One point about Mr Cameron ought now to be clear to the most idle, ill-informed and malicious observer. The new Tory leader leaves nothing to chance. Agree with him or disagree, there is always a strategy. He and the people around him never stop thinking about how to press home advantages and minimise disadvantages.
Very early on, the Cameronians decided to divide their forces. As long as Tony Blair was in No. 10, he had to be a focal point of attack. He would be the gladiatorial opponent in the House of Commons. But not at the next election. Hence the second thrust, launched against Gordon Brown. David Cameron was determined to get his retaliation in before Mr Brown had even come on to the pitch.
That task is becoming steadily more urgent. Mr Cameron is aware that as soon as Mr Brown becomes leader, he will try to distance himself from the political and moral failings of the Blair regime. The new Labour leader will hope to persuade the voters that everything which they most disliked about Tony Blair is buried with him.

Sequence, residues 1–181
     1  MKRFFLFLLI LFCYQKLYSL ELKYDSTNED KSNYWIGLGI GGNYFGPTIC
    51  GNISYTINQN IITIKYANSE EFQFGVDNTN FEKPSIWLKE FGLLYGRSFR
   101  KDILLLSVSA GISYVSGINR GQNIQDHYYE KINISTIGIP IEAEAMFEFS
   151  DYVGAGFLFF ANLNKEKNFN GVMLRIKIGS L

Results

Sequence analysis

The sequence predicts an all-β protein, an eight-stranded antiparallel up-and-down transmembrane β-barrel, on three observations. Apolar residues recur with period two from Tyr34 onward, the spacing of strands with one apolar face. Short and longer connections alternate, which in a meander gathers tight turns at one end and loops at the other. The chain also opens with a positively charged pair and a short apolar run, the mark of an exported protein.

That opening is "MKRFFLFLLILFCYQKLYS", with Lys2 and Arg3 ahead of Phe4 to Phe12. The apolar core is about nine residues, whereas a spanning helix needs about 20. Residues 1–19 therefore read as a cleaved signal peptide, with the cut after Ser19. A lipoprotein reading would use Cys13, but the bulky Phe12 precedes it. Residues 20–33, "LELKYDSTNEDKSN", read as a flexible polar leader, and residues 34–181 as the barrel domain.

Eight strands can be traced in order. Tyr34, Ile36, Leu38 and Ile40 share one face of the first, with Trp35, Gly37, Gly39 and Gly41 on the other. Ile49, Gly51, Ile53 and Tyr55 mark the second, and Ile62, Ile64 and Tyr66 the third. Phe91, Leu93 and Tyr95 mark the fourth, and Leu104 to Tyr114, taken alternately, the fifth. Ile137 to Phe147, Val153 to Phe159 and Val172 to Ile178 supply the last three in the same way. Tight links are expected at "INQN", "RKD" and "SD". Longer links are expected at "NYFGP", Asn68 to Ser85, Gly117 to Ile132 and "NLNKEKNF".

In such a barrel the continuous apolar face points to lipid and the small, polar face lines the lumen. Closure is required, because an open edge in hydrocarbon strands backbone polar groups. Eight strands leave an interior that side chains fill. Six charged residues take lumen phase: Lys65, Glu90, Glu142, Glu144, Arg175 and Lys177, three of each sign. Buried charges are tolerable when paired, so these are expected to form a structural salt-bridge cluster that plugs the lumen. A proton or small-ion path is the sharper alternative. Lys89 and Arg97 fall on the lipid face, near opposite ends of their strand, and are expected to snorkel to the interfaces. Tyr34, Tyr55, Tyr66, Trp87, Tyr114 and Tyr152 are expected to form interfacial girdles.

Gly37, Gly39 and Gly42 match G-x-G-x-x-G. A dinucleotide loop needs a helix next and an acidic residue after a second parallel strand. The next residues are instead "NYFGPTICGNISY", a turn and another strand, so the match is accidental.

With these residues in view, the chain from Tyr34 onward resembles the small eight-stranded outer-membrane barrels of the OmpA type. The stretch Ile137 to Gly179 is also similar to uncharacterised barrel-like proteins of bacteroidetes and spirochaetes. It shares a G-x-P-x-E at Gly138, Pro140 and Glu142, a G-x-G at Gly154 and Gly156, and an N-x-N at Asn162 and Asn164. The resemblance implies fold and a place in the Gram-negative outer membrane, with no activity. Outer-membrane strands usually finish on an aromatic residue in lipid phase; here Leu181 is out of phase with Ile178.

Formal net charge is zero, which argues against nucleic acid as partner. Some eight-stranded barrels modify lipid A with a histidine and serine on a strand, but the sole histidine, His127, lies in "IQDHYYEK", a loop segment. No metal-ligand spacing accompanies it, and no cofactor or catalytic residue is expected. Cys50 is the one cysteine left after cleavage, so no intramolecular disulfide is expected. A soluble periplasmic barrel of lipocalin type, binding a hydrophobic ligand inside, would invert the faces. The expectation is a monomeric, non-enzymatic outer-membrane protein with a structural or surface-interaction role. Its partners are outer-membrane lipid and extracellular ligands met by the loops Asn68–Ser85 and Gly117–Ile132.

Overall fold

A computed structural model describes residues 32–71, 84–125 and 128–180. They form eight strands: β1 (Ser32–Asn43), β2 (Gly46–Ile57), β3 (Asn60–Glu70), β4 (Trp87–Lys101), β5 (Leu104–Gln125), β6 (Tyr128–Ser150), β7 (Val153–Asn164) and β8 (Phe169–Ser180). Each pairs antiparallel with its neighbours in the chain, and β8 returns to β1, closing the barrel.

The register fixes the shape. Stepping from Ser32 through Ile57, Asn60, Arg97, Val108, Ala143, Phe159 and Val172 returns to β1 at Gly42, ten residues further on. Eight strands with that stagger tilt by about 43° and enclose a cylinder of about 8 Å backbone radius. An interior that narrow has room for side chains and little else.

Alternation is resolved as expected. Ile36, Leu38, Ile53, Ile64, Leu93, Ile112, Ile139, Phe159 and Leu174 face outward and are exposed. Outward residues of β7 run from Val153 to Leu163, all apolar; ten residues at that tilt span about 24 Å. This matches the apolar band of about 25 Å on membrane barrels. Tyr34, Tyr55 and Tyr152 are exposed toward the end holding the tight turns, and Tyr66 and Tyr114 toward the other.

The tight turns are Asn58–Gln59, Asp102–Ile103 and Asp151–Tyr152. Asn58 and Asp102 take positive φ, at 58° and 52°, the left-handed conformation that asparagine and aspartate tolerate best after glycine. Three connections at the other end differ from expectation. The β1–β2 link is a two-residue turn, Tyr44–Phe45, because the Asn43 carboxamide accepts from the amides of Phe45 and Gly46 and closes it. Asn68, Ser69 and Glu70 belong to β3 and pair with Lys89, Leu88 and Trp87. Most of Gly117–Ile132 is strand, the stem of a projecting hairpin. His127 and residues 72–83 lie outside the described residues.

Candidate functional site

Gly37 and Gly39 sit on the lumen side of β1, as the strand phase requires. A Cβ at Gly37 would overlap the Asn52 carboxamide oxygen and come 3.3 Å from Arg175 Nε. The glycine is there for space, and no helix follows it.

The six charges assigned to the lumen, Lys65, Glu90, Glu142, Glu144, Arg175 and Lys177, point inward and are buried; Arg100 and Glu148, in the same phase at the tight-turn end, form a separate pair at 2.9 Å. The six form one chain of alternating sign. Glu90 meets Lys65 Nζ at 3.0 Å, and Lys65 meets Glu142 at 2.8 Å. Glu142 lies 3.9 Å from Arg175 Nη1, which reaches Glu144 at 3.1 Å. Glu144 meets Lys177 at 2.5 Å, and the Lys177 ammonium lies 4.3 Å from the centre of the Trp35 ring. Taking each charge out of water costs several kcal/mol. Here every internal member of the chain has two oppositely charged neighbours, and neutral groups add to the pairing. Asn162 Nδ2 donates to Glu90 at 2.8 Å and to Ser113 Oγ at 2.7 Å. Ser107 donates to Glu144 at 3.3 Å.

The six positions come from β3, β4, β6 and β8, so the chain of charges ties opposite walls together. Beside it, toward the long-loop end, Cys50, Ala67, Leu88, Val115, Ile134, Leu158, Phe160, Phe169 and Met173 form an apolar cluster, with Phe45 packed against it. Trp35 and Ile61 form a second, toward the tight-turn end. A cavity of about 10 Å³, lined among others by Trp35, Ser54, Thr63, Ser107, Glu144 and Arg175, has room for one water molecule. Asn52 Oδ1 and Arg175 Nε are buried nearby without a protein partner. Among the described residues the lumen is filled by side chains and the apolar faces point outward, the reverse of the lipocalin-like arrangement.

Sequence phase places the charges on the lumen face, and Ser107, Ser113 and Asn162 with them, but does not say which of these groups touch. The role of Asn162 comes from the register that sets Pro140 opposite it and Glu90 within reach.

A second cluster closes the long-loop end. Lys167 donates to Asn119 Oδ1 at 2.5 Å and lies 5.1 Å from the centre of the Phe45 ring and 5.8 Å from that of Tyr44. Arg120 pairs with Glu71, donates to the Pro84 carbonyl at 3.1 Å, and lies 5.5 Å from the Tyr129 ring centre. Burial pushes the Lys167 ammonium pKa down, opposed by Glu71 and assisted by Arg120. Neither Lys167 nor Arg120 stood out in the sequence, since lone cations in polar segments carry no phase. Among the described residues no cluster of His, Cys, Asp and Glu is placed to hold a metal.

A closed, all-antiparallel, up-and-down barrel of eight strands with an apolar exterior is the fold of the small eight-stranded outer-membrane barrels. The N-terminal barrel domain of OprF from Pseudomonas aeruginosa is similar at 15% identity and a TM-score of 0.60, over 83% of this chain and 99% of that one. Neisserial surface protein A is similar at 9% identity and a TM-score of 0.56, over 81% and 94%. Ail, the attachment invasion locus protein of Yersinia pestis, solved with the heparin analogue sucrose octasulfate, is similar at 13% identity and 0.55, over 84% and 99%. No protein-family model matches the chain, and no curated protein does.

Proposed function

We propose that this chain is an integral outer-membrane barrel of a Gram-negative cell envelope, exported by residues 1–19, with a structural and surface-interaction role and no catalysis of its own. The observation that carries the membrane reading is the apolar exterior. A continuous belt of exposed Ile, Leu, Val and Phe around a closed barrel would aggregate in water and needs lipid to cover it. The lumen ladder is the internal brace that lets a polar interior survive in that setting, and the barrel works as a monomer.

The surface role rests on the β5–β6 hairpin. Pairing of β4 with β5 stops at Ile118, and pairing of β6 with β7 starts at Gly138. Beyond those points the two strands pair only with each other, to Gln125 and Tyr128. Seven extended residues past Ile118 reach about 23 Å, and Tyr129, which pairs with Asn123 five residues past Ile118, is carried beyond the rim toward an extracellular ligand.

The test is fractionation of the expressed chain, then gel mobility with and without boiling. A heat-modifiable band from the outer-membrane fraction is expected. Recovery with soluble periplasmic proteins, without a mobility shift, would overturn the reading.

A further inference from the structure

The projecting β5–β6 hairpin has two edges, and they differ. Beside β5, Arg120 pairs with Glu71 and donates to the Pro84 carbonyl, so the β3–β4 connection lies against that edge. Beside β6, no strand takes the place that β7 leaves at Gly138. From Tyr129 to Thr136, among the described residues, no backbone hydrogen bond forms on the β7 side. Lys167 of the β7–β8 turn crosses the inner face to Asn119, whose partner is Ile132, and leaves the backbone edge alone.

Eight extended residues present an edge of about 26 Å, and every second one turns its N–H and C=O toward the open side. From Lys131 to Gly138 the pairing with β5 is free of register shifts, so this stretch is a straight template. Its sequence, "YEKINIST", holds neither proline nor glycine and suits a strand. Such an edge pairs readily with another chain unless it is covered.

So the Tories' task is to undermine Gordon Brown's claims to moral authority. This should not be impossible. Mr Brown has been accused of lying over the Bernie Ecclestone affair. He is also the man who has stolen pensioners' funds on a scale which makes the late Robert Maxwell seem like the most upright Scottish actuary. Mr Brown's assertions that he is an honest man who is solely concerned to uphold the public interest could be easily be contradicted by several million people who have seen the destruction of their hopes for a prosperous old age.
Mr Brown is one of the few people in British politics who still under-rates David Cameron. He cannot wait to get stuck in, and is confident of an easy victory. David Cameron does not do advance confidence in victories. He waits until they are won before he celebrates. But in a realistic spirit, and without in any way under-estimating his next opponent, David Cameron is looking forward to becoming the senior party leader and taking on Gordon Brown.
Both sides are ready to commence battle. There is only one difficulty; a plaintive, absurd little figure who will not get off the battlefield. Tony Blair, who used to dominate that field, cannot seem to realise that his failure to vacate it merely piles indignity on futility.Reuse content